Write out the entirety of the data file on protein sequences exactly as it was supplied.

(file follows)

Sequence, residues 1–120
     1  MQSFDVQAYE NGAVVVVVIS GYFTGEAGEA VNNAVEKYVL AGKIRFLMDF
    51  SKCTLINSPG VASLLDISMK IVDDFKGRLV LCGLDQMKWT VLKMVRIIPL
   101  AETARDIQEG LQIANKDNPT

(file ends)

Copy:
Sequence, residues 1–120
     1  MQSFDVQAYE NGAVVVVVIS GYFTGEAGEA VNNAVEKYVL AGKIRFLMDF
    51  SKCTLINSPG VASLLDISMK IVDDFKGRLV LCGLDQMKWT VLKMVRIIPL
   101  AETARDIQEG LQIANKDNPT